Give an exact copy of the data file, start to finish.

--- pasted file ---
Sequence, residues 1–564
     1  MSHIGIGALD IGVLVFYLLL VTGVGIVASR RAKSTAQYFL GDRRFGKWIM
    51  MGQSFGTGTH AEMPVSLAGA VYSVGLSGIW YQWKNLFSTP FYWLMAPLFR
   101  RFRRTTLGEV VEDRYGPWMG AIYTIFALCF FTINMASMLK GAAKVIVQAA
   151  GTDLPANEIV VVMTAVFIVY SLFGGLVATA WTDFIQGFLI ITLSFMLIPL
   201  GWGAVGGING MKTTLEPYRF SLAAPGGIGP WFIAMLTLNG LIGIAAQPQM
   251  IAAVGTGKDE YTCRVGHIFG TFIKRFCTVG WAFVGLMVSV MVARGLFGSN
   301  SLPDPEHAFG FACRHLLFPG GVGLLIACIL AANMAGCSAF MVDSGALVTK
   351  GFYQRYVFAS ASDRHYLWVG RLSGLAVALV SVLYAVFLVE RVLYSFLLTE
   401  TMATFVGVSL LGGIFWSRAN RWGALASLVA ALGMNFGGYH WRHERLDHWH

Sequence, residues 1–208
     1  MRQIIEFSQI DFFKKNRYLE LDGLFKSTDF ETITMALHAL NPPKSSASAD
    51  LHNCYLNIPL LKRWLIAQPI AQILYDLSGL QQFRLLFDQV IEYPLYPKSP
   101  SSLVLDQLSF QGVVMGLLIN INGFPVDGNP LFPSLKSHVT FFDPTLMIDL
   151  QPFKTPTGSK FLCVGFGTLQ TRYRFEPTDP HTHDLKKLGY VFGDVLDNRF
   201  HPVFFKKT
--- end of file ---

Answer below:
Sequence, residues 1–564
     1  MSHIGIGALD IGVLVFYLLL VTGVGIVASR RAKSTAQYFL GDRRFGKWIM
    51  MGQSFGTGTH AEMPVSLAGA VYSVGLSGIW YQWKNLFSTP FYWLMAPLFR
   101  RFRRTTLGEV VEDRYGPWMG AIYTIFALCF FTINMASMLK GAAKVIVQAA
   151  GTDLPANEIV VVMTAVFIVY SLFGGLVATA WTDFIQGFLI ITLSFMLIPL
   201  GWGAVGGING MKTTLEPYRF SLAAPGGIGP WFIAMLTLNG LIGIAAQPQM
   251  IAAVGTGKDE YTCRVGHIFG TFIKRFCTVG WAFVGLMVSV MVARGLFGSN
   301  SLPDPEHAFG FACRHLLFPG GVGLLIACIL AANMAGCSAF MVDSGALVTK
   351  GFYQRYVFAS ASDRHYLWVG RLSGLAVALV SVLYAVFLVE RVLYSFLLTE
   401  TMATFVGVSL LGGIFWSRAN RWGALASLVA ALGMNFGGYH WRHERLDHWH

Sequence, residues 1–208
     1  MRQIIEFSQI DFFKKNRYLE LDGLFKSTDF ETITMALHAL NPPKSSASAD
    51  LHNCYLNIPL LKRWLIAQPI AQILYDLSGL QQFRLLFDQV IEYPLYPKSP
   101  SSLVLDQLSF QGVVMGLLIN INGFPVDGNP LFPSLKSHVT FFDPTLMIDL
   151  QPFKTPTGSK FLCVGFGTLQ TRYRFEPTDP HTHDLKKLGY VFGDVLDNRF
   201  HPVFFKKT